NROTC to law school

Discussion in 'ROTC' started by Annapolis USX, Jan 9, 2011.

  1. Annapolis USX

    Annapolis USX Member

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    Can someone go from NROTC to law school? I believe someone would have to go into the fleet for 2 years and then apply, but could someone pay for law school on their own? My parents have said they will pay for law school if I get an NROTC scholarship. I want to be a Navy JAG.

    Another quick question. As of Friday my recruiter has all my paperwork and has submitted everything. How long will it take for me to hear back if I got the scholarship?

    Thanks for the help!
     
  2. CandidateElias15

    CandidateElias15 USNA '15 Appointee

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    I turned in all my paperwork for NROTC back in July; didnt get the offer until November.
     
  3. asenopoulos

    asenopoulos Member

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    Since I'm pretty sure there wasn't a board until September or October.


    I had my packet in on time for the November board; heard back a month later.
     
  4. Pima

    Pima Parent

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    Here's the deal, you accept NROTC and you live by their rules.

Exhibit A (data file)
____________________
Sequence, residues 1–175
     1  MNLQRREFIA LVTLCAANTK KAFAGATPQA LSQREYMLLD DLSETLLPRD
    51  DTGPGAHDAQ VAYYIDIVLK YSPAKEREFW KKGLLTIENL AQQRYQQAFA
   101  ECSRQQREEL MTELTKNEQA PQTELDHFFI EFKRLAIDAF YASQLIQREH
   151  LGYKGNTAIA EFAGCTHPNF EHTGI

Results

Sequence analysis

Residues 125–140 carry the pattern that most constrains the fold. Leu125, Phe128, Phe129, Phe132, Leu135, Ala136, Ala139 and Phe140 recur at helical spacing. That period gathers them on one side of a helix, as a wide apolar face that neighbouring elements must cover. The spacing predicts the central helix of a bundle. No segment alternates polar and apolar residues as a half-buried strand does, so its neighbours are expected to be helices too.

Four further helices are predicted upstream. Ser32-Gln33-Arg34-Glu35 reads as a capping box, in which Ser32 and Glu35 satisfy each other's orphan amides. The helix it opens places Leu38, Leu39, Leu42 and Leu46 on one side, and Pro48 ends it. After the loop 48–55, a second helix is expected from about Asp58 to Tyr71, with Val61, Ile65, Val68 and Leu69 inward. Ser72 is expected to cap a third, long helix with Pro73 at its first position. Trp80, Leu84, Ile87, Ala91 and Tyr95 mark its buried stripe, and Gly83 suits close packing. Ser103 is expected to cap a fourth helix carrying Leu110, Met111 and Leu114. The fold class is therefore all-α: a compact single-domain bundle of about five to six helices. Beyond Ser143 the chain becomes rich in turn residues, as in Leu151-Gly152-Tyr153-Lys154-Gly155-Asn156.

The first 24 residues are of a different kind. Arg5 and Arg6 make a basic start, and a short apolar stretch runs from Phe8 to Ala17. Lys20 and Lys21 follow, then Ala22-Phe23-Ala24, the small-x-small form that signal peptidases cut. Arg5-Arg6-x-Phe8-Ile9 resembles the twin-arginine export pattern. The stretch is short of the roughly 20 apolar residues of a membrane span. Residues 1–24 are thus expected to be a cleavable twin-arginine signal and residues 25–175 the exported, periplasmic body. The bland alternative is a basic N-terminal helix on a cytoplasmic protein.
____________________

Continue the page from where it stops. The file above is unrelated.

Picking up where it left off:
How do you go to law school at night from an air craft carrier?

    Your 1st job will be to the Navy in the career that you accept as an ROTC AD grad. Let's say you go Intel, you will be required to go to their Intel school training, and from there they can assign you to a ship that might be scheduled to go on a 6 mo. tour 30 days after reporting for 9 months. Hard to go to law school when you are at sea.


    I can not, nor will I speak for the Navy, but I can tell you that AF JAG makes getting a pilot slot looks like getting a C in HS PE for where you are in your stage of life now. Easy as pie. I don't believe the Navy is easier than the AF in the selection process.

    It is highly competitive.

    In the AF you have to serve 2 yrs before you can compete for the Law School opportunity.

    You may elect to try to attend law school at night as an AD officer, but again, how do you that do that with the guarantee you won't get hit with a TAD?